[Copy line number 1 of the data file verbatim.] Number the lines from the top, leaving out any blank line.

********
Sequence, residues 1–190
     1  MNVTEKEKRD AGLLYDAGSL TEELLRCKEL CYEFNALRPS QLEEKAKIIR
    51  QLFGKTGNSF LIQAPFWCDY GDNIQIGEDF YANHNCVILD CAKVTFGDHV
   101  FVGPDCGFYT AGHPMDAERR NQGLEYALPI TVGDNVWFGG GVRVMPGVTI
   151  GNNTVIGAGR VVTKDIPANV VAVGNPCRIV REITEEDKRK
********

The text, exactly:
Sequence, residues 1–190